There is a running joke between my sister and I about 'gifting' clocks. She never wants one. One day I pulled a picture of a word clock up on my phone to show her. She immediately said that she wanted one. This project aims to document the process of making this clock. I have built clocks in the past using various displays but none of those designs are suitable for this project.
I made a cardboard cutout of a 20"x20" square. I then printed my letter matrix to scale (6 sheets of 8.5" x 11"), combined with tape, and trimmed to fit. I then drilled a hole at each letter in the matrix (256) in a rough location. The hole is sized slightly smaller than the LED's I plan on using to allow for a snug fit. I was planning on wiring up the matrix last night, but had a few other things pop up. Here are a few pictures of the cardboard cutout and letter matrix (with and without holes). There is also a picture of the cutout in the shadow box I'm using for the container.
I am very close to finishing the main controller software. I had some issues with the Particle Cloud IDE and decided to move everything local. I did end up using the Particle Dev atom IDE provided on their website. This IDE uploads and compiles the code in the cloud and downloads a complete binary file that I can flash to the photon with dfu-utils. I could not get the photon android app to work to connect to WiFi so I used various particle CLI tools to do the job. After a bit of messing with the tools I had my work flow going for me. I am using the SparkTime lib (for NTP) and the SparkIntervalTimer lib (for timed tasks) to aid in various tasks in the controller code. I need to do a bit more polishing of the firmware code but it will eventually make its way to the github repo.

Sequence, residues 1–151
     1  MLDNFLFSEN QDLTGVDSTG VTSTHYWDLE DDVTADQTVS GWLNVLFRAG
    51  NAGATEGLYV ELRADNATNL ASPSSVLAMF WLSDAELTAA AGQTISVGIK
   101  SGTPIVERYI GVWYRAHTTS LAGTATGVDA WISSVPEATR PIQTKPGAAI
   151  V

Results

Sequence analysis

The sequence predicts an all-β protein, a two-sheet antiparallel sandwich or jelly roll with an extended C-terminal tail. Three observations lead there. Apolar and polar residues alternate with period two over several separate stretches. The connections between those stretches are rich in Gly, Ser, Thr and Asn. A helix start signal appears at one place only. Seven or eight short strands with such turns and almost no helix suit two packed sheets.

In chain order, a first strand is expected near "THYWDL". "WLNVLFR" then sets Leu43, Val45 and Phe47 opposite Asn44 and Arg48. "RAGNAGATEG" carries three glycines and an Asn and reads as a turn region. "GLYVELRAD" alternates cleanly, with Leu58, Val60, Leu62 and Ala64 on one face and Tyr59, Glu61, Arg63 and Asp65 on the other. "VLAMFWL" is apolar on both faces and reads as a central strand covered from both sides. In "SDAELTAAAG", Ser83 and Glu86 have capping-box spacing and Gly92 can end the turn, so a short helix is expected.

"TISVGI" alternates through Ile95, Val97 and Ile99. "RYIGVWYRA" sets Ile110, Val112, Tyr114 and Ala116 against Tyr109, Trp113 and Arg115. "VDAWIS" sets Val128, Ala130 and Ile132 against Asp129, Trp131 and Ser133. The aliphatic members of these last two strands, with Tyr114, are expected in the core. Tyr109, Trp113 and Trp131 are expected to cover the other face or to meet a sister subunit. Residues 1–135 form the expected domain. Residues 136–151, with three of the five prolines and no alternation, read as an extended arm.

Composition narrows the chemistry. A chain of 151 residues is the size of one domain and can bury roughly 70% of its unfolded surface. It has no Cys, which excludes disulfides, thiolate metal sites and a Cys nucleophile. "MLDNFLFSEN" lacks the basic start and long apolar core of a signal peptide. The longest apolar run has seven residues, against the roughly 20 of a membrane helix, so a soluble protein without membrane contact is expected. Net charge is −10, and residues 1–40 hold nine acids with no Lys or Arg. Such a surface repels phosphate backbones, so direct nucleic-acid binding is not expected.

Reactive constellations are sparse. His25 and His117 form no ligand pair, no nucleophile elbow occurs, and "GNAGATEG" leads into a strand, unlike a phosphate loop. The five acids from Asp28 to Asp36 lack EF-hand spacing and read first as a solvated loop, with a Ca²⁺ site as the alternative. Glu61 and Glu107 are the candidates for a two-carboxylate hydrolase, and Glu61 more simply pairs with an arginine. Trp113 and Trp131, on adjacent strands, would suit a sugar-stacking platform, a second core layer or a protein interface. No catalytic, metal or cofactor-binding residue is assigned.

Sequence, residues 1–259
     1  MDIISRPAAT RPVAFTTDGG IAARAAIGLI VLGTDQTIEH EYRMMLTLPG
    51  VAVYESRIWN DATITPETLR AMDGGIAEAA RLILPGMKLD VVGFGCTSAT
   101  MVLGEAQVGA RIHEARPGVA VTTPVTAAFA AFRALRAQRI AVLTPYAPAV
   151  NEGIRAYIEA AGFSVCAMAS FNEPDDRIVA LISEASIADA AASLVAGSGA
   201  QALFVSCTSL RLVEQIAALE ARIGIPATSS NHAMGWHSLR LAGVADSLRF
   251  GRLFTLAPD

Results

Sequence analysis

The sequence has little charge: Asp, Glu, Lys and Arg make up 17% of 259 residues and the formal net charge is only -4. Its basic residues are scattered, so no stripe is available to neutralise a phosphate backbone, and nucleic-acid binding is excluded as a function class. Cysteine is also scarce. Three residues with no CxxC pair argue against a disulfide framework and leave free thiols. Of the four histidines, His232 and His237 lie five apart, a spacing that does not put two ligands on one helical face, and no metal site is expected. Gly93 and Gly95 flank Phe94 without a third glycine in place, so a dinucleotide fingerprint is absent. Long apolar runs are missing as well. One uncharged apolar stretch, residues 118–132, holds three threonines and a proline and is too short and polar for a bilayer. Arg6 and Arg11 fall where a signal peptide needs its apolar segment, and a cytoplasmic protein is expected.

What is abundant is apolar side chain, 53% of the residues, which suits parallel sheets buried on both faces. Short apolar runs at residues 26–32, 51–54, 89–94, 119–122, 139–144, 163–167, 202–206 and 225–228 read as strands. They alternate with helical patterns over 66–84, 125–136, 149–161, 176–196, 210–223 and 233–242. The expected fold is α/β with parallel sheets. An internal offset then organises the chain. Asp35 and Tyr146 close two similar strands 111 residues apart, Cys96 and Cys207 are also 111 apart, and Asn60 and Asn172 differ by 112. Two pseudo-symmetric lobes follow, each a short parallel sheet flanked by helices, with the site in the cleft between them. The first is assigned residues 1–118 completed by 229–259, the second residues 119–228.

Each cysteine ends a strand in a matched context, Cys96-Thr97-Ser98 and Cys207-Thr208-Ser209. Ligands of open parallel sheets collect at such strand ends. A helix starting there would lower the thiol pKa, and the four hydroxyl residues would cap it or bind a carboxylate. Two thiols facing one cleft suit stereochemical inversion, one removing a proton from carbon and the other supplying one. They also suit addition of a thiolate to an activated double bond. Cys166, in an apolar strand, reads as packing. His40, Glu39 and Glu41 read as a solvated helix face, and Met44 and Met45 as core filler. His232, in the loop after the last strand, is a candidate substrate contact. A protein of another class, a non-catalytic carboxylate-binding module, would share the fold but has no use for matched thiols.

In the firmware, I used the Particle Cloud to aid in configuration options such as:
NTP Server URL
Display On Time
Display Off Time
as well as displaying the current configuration of the device. The only thing this does not handle is connection to WiFi.
I wrote a quick python utility to aid in the generation of bitmaps for the 16x16 matrix driver. The utility can generate / print a code friendly array of bytes (encoded in binary) that can be used as a bitmap. This bitmap can them be combined with other bitmaps in external memory or other memory space (more than likely code store space) and then indexed to be sent over to the display driver.
Last night I finally found the time to populate the display driver board. I did not populate the I2C pull up resistors because these can easily be added later if needed. The AVR should have internal pull ups on those pins. I also started testing with a Atmega328P vs an Atmega8 due to familiarity. These chips will be swapped later.
I have tested setting fuses and programming via iscp, burnt the bootloader and was able to flash with the boot loader. So the programming chain looks good. Next step would be to verify the functionality of the rest of the hardware.
The most common approach that I when looking into word clocks is that each word is mapped to a a digital output. This is a good idea, however limits the recreation and portability of the hardware. The clock will display special days relevant to the clocks owner. Given the the possible customization of the display I cannot wire each word to individual pins. Instead, I will make a generic 16x16 LED Matrix Driver. My goal was to create this clock using (mostly) parts on hand and to make the design reusable in case any other family members or friends want a word clock. I more than likely will not optimize the design for battery operation.
The clock can be broken down into three parts. Each part will be documented in future project logs.
The display matrix
Straight forward 16x16 LED Matrix
The display driver
A controller (ATMEGA8 or ATMEGA328) that handles the multiplexing of the LED Matrix.
Uses 74HC595 and ULN2803 for IO expansion and current sinking
Processes time and special events then writes to the display.